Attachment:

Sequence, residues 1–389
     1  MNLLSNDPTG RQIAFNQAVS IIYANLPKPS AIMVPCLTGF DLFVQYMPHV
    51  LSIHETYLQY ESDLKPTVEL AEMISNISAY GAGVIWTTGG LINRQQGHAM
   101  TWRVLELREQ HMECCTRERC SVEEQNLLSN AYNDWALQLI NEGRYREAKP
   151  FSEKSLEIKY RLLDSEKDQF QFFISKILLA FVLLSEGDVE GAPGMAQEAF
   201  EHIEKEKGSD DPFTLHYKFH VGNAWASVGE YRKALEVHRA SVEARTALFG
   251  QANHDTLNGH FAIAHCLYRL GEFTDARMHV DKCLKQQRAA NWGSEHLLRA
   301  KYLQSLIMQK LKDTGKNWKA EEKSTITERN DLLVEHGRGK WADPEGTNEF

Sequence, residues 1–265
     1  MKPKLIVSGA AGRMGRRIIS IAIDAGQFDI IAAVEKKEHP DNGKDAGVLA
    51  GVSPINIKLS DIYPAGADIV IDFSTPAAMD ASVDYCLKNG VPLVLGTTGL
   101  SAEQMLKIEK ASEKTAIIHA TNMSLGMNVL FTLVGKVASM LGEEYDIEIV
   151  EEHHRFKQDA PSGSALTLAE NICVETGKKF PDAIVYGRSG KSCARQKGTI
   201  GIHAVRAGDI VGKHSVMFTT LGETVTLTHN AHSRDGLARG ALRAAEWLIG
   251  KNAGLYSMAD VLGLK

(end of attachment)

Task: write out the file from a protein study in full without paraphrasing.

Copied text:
Sequence, residues 1–389
     1  MNLLSNDPTG RQIAFNQAVS IIYANLPKPS AIMVPCLTGF DLFVQYMPHV
    51  LSIHETYLQY ESDLKPTVEL AEMISNISAY GAGVIWTTGG LINRQQGHAM
   101  TWRVLELREQ HMECCTRERC SVEEQNLLSN AYNDWALQLI NEGRYREAKP
   151  FSEKSLEIKY RLLDSEKDQF QFFISKILLA FVLLSEGDVE GAPGMAQEAF
   201  EHIEKEKGSD DPFTLHYKFH VGNAWASVGE YRKALEVHRA SVEARTALFG
   251  QANHDTLNGH FAIAHCLYRL GEFTDARMHV DKCLKQQRAA NWGSEHLLRA
   301  KYLQSLIMQK LKDTGKNWKA EEKSTITERN DLLVEHGRGK WADPEGTNEF

Sequence, residues 1–265
     1  MKPKLIVSGA AGRMGRRIIS IAIDAGQFDI IAAVEKKEHP DNGKDAGVLA
    51  GVSPINIKLS DIYPAGADIV IDFSTPAAMD ASVDYCLKNG VPLVLGTTGL
   101  SAEQMLKIEK ASEKTAIIHA TNMSLGMNVL FTLVGKVASM LGEEYDIEIV
   151  EEHHRFKQDA PSGSALTLAE NICVETGKKF PDAIVYGRSG KSCARQKGTI
   201  GIHAVRAGDI VGKHSVMFTT LGETVTLTHN AHSRDGLARG ALRAAEWLIG
   251  KNAGLYSMAD VLGLK